This Was The Hardest Scene For Willem Dafoe To Shoot In The Lighthouse

The most difficult part of performing as a trained actor is never what you think it is going to be. It is never the obvious things like remembering lines or having a big crying scene. For people who aren't actors, these seem like the massive hurdles one has to jump in order to become a successful actor, but if you have enough training and experiences, an actor can come up with their own methods for having these things become second nature to the profession. No, the real stuff is all technical. It's the stuff actors have to think about so the audience never even gives it a second thought. For instance, if you are starring in a Broadway musical eight times a week, you have to constantly make sure your vocal cords are in tip top shape. You do this by staying constantly hydrated, enhancing your stamina, avoiding certain foods and drinks that can mess with the voice, and making sure you aren't straining the cords in a way that could injure them. You might think about how a certain performer hits a high note, but so many things have to happen in order to reach that moment that you would never consider.

On film, the challenges are even stranger. One you hear so often are scenes where people are eating. You could be doing 10, 15, or 50 takes of a dinner scene, and if you keep eating with wild abandon, you are just going to make yourself sick. Taking strategic bites of the food in front of you becomes a key element to how you perform the scene. There's also things like the weather of a shoot day. You could be shooting in Minnesota in early October, but the scene you are performing takes place in the sweltering heat of July. Being able to show you are not freezing to death on screen takes skill.

Willem Dafoe is a veteran actor of both film and theatre. The main things we think about when it comes to what an actor does are just a regular part of his process now. So when it came to tackling the salty sea dog Thomas Wake in Robert Eggers' exceptional 2019 film "The Lighthouse," a movie that features quite a large number of unusual elements (to put it mildly), there was one scene Dafoe found to be the most challenging to shoot, and it's probably not the one you are thinking of.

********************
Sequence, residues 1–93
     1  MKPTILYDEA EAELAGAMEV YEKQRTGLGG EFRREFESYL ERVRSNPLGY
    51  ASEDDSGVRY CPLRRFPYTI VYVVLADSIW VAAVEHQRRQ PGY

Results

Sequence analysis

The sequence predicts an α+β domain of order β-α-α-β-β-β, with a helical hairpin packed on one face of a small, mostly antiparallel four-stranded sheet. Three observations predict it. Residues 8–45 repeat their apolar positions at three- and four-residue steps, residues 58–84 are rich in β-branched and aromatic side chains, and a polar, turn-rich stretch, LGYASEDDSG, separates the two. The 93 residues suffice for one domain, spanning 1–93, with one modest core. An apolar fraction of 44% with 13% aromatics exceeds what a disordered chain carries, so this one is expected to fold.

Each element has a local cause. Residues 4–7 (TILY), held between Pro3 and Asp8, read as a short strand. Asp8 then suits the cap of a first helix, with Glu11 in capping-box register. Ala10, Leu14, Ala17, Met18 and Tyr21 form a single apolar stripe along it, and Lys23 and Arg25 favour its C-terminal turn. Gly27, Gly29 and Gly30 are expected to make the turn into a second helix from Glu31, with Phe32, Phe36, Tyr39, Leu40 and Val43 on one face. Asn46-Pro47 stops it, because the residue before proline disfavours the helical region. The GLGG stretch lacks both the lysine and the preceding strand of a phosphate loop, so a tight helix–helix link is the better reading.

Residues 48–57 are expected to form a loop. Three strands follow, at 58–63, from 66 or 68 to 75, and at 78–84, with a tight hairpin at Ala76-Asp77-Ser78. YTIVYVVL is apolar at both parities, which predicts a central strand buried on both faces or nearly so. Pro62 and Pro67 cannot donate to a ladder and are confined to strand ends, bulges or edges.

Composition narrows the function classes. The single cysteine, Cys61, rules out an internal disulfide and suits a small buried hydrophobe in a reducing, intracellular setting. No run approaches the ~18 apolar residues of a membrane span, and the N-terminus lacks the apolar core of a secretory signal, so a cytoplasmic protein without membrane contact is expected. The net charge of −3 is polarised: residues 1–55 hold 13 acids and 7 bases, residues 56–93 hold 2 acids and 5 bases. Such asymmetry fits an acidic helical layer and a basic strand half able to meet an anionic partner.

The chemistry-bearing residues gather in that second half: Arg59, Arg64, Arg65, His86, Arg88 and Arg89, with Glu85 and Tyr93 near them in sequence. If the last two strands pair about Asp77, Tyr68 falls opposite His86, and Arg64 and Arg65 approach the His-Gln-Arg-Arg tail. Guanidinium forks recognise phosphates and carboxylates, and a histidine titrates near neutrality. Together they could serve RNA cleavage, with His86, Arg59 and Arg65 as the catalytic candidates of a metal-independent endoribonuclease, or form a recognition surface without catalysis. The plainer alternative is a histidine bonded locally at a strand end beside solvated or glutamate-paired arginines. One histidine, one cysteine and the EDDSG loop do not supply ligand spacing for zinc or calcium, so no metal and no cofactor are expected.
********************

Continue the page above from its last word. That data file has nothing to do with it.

You try talking with a mouthful of dirt

If you were to guess which scene in "The Lighthouse" was the toughest on Willem Dafoe, my assumption is you would guess the "Hark!" scene, where Dafoe delivers this stirring, intense monologue to Neptune. There is a lot of screaming and verbose, period specific dialogue, but ye'd be wrong, ya scallywag! In an interview with Den of Geek, Dafoe was asked which scene in the film gave him the most trouble, and his answer concerned one of the final scenes of the film:

"It's really difficult to do a speech when someone's throwing dirt on your mouth! ... It was uncomfortable to do! But beautifully so, because it's like you give people the conditions and just with a little abstraction it doesn't take much to imagine the real thing because you've got the sensation of it so much that it's kind of like no acting required!"

I know I would not want to be in a scene where I am buried alive simply for the fact that I am slightly claustrophobic. It did not even cross my mind that having dirt fall down your throat would even be part of the scene. Obviously, I can see Dafoe's face and body get covered with dirt, but the practicality of the situation, trying to get this monologue out, makes for some tough work. You are worried about choking, clarity of the words, and perhaps even breaking character if the right clump of dirt hits you the wrong way. Also, not only is his face being covered with dirt but so is his body. Impeding his mouth is bad enough to affect Dafoe's ability to breathe, but placing a heavy load on his torso also makes the intaking of breath enormously challenging. Dafoe does not specify how many takes of the scene were done, but even one would be too much for me, let alone a dozen.

That just goes to show you the things we take for granted when watching a film. We are so wrapped up in how Robert Eggers has constructed the film and the relationship between Dafoe and Robert Pattinson's characters that are only thinking about the reality of the film during this scene. What a pain it might have been for Willem Dafoe to shoot it does not even cross our minds for a second, which is really what you should strive for while making a movie. Total investment.